The Tesla Model 3 is an electric car that has an impressive range and performance, plenty of standardised features and offers a comprehensive infotainment system – it rightfully received TotallyEV’s Best Buy award.
When it comes to audio, there are two systems available: the Model 3 – formerly known as the Standard Range Plus (SR+) – costs £42,990 (up from £40,900) houses an eight-speaker system with ‘Limited Immersive Sound’; this forms part of the ‘Partial Premium Interior’ package. Move up to either of the AWD models – Long Range (LR) at £49,990 (up from £48,490) and the Performance (P) at £59,990 – and you’ll be treated with a ‘Premium Interior’ package instead. This comprises a 15-speaker audio system with ‘Full Immersive Sound’.
We previously reviewed the premium audio system and found it to be the best-sounding EV on the market. In this review, however, we’ll be concentrating on the RWD’s audio system – does it live up to its more expensive sibling?
Tesla Model 3 audio setup
To tinker with the vehicle’s audio settings, one has to navigate to the ‘Audio Settings’ tab on the 15.4″ infotainment system. Here, you’ll find a five-band equaliser, where we added 1 dB to the Bass, -0.5 dB from the next frequency, left the following two bands untouched and added 1 dB to the Treble. The balance and fader were centred, while the Immersive Sound toggle was set to ‘Low’.
To connect up to the vehicle’s audio system using your smartphone, you’ll be limited to using Bluetooth only – the USB Type-C ports are for charging only. As Tesla’s infotainment system doesn’t support Android Auto or Apple CarPlay, this is the only way to playback media files from a phone. Here, the system supports the AAC and SBC codecs; it’s, however, a shame that the aptX and LDAC codecs aren’t.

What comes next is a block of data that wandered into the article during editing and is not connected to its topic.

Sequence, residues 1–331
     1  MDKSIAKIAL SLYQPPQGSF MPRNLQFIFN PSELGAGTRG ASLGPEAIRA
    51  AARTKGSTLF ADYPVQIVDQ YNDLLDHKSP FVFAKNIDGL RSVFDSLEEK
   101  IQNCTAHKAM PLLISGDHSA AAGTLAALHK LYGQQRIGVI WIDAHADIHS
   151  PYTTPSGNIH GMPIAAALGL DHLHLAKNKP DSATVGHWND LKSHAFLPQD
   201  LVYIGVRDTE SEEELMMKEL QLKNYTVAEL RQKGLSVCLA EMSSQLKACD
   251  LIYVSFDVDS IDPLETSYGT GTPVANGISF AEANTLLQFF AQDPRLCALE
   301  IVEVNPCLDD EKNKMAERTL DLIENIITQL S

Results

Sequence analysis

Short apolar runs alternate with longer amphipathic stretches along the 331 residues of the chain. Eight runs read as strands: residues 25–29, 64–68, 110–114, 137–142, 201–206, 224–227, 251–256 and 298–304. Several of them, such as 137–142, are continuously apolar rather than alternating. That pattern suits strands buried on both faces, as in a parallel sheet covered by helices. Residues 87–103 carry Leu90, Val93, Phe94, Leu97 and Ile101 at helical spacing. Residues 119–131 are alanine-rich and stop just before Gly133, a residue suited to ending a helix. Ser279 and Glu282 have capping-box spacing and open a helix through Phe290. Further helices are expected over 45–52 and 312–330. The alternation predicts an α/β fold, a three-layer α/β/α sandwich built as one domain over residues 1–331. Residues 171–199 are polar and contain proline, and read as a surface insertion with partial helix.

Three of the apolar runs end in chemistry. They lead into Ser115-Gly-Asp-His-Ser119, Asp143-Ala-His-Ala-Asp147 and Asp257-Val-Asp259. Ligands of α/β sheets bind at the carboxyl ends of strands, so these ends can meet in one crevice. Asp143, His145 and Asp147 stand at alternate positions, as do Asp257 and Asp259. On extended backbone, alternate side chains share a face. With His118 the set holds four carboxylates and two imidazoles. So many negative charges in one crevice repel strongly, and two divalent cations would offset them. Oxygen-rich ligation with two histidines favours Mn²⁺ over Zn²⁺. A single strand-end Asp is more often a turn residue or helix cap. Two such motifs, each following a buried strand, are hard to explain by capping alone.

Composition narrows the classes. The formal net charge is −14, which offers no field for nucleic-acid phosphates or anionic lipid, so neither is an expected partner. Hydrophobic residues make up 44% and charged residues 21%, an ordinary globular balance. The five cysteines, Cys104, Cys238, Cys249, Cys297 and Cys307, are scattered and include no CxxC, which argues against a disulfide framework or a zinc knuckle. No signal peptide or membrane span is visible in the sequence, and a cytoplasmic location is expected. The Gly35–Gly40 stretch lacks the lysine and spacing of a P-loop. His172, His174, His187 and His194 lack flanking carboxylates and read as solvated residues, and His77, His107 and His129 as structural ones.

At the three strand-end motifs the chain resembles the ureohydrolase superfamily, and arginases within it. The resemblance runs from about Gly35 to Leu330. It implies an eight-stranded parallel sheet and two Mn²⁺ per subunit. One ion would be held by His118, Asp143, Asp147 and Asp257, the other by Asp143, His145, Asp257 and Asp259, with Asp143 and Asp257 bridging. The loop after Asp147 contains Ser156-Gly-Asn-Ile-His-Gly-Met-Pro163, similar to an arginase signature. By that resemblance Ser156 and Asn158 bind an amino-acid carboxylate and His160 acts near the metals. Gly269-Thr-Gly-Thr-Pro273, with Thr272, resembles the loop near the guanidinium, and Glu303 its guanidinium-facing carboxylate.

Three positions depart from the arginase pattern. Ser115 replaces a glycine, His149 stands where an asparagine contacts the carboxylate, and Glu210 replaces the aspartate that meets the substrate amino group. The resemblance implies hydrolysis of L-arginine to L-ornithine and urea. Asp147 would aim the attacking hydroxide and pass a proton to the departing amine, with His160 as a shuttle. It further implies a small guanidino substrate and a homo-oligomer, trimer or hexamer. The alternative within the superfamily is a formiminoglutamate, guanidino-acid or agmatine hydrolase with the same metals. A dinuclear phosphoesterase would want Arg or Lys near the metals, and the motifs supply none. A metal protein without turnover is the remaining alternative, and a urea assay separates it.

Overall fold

Read next: A list of our favourite phone holders
On the plus side, there is the option to plug in a USB drive – must be formatted to FAT32 – where you’ll be able to playback MP3 and higher-resolution files that have been recorded in the FLAC (Free Lossless Audio Codec File) and WAV formats – up to 24-bit 192 kHz is supported. This makes the Model 3 among a finite group of cars that can support higher resolution playback – making it ideal for budding audiophiles. Elsewhere, the entry-level Model 3 has a 30-day trial of Spotify and video streaming platforms, Netflix, YouTube and Twitch.
As for media controls, there are the onscreen touch controls and the physical left scroll wheel on the steering wheel. When pressed it pauses or resumes, and when it’s shifted to the left or right will go back or skip a track respectively. If you roll the wheel upwards or downwards it’ll adjust the overall playback volume.
Tesla Model 3 audio performance
For a demo of the Model 3’s standard audio system head on over to our YouTube channel.
When it comes to its audio configuration, the entry-level Model 3 has eight speakers in total: one 8″ 80W woofer within the front two doors, three 4″ 33W mid-range drivers within the front cowl (the area between the dashboard and windscreen), a single 1″ 25W tweeter housed at the centre of the dashboard and one 4″ 33W mid-range driver within each of the rear doors. The driver sizes and wattage are unofficial claims – according to data, this would mean the entry-level Tesla has 350 Watts of power, as opposed to the 630 Watts of its more expensive siblings.
You will see, however, speaker grills are present throughout the cabin but have been disconnected in the entry-level Model 3. Indeed, the speakers found on the AWD LR/P models are present at the front of the cabin, whereby a 1″ 25W tweeter is located by each of the side mirrors and a 2.5″ 2W mid-range driver is found on both of the A-pillars. The rear parcel shelf speakers, subwoofer and the two amplifiers are completely omitted in the entry-level Tesla. Why is this of relevance? As part of our research, we found there might be ways to re-enable the front-mounted drivers. Note, this might break your warranty terms and conditions with Tesla, where TotallyEV isn’t responsible for any damages.